Traditional lasagna is delicious—nobody would ever deny that. But sometimes you want to do something more interesting than just heat up a Stouffer’s five-cheese lasagna or spend an entire Sunday assembling your Nonna’s classic mozzarella and meat sauce dish. Here are nine recipes for lasagna with inventive flavor combinations and unusual twists.
Photo and recipe of Vegan Lasagna from CHOW

1. Winter Greens Lasagna

Try out our vegetarian-friendly lasagna that combines red kale, Swiss chard, ricotta, and Parmesan for a satisfying and hearty winter dish. Somehow, this pasta dish manages to pack in two pounds of healthy greens, which in my book more than makes up for the heavy cream and crème fraîche.
Photo and recipe from CHOW

2. Squash and Broccoli Rabe Lasagna

Fresh sage, rosemary, lemon, crushed red pepper flakes, and Parmesan amp up the flavor in this butternut squash and broccoli rabe lasagna. Creamy béchamel sauce and a pound of mozzarella, in addition to a pound of whole-milk ricotta, makes this a showstopper dinner party dish.
Photo and recipe from Bon Appétit

3. Zucchini Lasagna

Try using zucchini ribbons instead of noodles for a lighter, pasta-free dish. This recipe from Aube Giroux cautions cooks to salt the zucchini and let it sit for at least 30 minutes to draw out the moisture. Along with zucchini, this recipe packs in mushrooms, Swiss chard, onions, and fresh basil for a bright, light take on lasagna.
Photo and recipe from PBS

4. Butternut Squash and Sweet Potato Lasagna

Sweet potatoes are an unexpected addition to this squash-based lasagna, along with whole-wheat lasagna noodles. Mascarpone lends a creaminess to the dish and blends well with the cooked spinach. Topped with sage leaves that crisp up in the oven, this dish tastes as good as it looks.
Photo and recipe from Call Me Mrs. Rapp

5. Zucchini Bulgur Open Lasagna

“Open lasagna” is a creative and beautiful new take on the traditional dish. Bulgur cooked in red wine–tomato sauce and grilled zucchini are stacked in layers and sprinkled with Parmesan—you can make individual portions or one large pan if you’re serving a crowd. This is an incredibly simple recipe that looks impressive and can be made at any time of year.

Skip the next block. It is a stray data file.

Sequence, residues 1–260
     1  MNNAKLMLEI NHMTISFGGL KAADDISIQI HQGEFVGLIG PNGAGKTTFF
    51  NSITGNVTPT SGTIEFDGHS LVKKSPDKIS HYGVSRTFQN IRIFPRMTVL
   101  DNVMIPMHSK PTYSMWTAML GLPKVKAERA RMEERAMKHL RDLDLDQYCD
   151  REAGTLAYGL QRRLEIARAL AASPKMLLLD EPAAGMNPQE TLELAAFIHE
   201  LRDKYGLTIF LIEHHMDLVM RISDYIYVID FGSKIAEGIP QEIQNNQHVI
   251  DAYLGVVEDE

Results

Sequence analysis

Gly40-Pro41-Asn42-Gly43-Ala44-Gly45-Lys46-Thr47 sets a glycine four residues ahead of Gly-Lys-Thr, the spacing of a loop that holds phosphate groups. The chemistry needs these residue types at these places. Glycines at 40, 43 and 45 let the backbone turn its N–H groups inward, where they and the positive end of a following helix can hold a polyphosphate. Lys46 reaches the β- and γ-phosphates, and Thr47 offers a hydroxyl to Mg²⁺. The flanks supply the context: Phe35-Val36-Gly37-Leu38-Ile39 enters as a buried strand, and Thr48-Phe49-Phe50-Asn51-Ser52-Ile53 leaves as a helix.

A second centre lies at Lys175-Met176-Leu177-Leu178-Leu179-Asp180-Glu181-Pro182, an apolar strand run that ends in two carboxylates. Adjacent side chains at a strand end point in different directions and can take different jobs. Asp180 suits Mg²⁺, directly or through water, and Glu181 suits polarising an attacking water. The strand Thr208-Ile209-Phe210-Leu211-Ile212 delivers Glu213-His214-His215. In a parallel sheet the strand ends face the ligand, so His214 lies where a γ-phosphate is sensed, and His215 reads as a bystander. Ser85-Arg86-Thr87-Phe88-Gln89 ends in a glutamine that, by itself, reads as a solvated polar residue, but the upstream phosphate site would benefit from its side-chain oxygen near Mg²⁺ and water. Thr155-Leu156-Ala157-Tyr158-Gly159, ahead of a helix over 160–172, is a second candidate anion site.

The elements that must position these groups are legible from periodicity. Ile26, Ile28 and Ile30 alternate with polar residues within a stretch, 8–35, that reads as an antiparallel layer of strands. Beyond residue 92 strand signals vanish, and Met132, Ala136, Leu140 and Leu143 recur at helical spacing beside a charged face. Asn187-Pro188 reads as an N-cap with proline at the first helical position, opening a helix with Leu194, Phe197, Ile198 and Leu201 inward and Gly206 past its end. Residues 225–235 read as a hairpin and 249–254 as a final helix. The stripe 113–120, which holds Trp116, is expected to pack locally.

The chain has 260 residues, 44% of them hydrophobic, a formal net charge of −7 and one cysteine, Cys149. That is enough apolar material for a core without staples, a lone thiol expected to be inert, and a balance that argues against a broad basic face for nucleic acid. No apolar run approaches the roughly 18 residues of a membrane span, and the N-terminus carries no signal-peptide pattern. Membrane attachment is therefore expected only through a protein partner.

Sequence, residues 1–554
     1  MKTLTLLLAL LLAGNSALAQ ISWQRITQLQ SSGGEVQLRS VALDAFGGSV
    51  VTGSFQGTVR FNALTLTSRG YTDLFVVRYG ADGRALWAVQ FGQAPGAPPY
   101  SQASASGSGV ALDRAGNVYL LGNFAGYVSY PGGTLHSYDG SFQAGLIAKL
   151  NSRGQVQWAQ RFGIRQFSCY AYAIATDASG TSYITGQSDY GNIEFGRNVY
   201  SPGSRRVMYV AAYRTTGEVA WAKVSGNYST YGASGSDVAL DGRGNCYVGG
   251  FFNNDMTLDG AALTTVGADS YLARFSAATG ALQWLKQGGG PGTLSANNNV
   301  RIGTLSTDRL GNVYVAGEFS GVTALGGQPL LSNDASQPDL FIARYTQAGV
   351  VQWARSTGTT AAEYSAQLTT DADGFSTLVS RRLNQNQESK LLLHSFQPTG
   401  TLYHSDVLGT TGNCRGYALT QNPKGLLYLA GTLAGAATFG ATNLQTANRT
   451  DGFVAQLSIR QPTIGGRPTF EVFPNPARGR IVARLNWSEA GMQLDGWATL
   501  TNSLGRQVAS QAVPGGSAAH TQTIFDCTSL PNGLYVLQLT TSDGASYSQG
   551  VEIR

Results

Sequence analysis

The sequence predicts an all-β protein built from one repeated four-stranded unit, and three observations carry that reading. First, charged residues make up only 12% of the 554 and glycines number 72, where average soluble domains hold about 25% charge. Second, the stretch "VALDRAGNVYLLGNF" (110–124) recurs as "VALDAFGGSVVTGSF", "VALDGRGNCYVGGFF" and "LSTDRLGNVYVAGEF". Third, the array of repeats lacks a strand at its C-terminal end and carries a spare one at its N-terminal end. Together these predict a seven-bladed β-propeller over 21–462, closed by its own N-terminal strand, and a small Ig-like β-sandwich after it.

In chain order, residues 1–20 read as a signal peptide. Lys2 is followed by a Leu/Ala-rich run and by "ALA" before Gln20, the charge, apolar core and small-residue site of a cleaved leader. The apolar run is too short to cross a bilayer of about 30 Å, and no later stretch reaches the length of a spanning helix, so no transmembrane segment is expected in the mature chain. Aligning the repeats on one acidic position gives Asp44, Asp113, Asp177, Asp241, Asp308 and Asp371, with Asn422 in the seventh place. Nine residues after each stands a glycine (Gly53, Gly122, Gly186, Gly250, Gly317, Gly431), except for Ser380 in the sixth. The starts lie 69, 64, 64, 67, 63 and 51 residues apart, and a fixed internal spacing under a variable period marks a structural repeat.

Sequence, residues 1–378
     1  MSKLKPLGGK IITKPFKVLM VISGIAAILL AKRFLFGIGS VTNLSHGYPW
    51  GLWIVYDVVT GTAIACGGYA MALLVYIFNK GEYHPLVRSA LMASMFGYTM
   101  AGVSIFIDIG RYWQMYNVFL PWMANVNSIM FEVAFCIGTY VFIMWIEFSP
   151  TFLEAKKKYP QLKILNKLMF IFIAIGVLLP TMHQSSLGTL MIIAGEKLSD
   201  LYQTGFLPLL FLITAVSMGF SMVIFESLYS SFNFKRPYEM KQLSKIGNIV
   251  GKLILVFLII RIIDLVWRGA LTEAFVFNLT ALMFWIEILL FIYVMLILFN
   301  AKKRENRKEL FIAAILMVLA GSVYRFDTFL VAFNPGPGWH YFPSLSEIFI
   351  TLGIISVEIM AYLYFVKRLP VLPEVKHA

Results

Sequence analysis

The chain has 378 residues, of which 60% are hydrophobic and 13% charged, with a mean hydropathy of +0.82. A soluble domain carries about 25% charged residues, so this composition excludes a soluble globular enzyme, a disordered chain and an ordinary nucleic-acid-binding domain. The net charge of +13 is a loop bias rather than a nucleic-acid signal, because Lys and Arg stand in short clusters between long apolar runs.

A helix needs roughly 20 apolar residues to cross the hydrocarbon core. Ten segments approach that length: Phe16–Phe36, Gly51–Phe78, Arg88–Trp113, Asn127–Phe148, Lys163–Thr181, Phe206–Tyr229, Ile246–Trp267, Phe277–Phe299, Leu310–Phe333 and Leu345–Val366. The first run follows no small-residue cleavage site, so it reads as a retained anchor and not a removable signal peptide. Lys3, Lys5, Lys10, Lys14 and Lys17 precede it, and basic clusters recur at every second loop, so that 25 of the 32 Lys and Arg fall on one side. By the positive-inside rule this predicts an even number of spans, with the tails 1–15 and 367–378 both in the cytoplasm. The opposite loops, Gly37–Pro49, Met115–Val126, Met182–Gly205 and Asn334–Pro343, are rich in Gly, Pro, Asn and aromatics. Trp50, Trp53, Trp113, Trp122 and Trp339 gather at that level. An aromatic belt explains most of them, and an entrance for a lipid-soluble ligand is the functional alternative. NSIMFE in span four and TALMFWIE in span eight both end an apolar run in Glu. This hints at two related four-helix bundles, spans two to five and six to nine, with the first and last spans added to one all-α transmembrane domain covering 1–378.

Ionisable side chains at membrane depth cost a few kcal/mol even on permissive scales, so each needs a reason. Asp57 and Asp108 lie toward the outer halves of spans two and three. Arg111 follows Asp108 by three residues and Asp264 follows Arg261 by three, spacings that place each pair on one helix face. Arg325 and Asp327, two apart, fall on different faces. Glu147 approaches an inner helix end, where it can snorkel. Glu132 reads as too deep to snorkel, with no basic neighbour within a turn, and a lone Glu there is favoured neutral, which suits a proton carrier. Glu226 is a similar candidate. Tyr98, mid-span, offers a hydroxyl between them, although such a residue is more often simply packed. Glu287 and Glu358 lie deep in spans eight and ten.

Photo and recipe from Rice and Bread

6. Wonton Lasagna Stacks

This lasagna recipe practically serves itself. Wonton wrappers instead of noodles make it easy to serve a single portion, and pesto with marinara sauce keeps this dish safely in the Italian zone despite the wonton wrappers. The recipe comes together quickly and can be made with ingredients you already have in the pantry; it’s a great last-minute dish to have in your back pocket.
Photo and recipe from Live Love Pasta

7. Pesto and Pea Lasagna

Just because you’re making lasagna doesn’t mean you need to use red sauce. Basil, Parmesan, garlic, and pine nuts make a delicious pesto that pairs well with the pea and whole-milk ricotta cheese filling. As the recipe warns, there are a lot of components here but since none of them are cooked, this green lasagna isn’t as hard as it sounds.
Photo and recipe from CHOW

8. Lasagna Pie

Lasagna pie, also known as lasagna timpano, is an unbelievably dense rendition of lasagna that involves as many Italian ingredients as you can think of: salami, Alfredo sauce, pesto, Parmesan, provolone, and even ricotta. Don’t attempt this unless you’re serving a crowd—once you’ve constructed this masterpiece you’ll find that a thin slice is more than enough to serve with a side of sauce.
Photo and recipe from The Food in My Beard

9. Salmon Frying Pan Lasagna

Frying pan lasagna is versatile and fun to assemble; the salmon in this dish adds a ton of protein and an unusual twist. Fresh ricotta, grated lemon rind, garlic, and fresh basil pair well with the salmon, and you can use fresh fish or canned, whatever you have on hand.
Photo and recipe from Taste

Caitlin M. O'Shaughnessy is a New York City–based food writer and editor at Penguin who has worked on and recipe-tested several cookbooks. She is currently in search of NYC’s best ramen, and is one of the few people who admit to disliking brunch.
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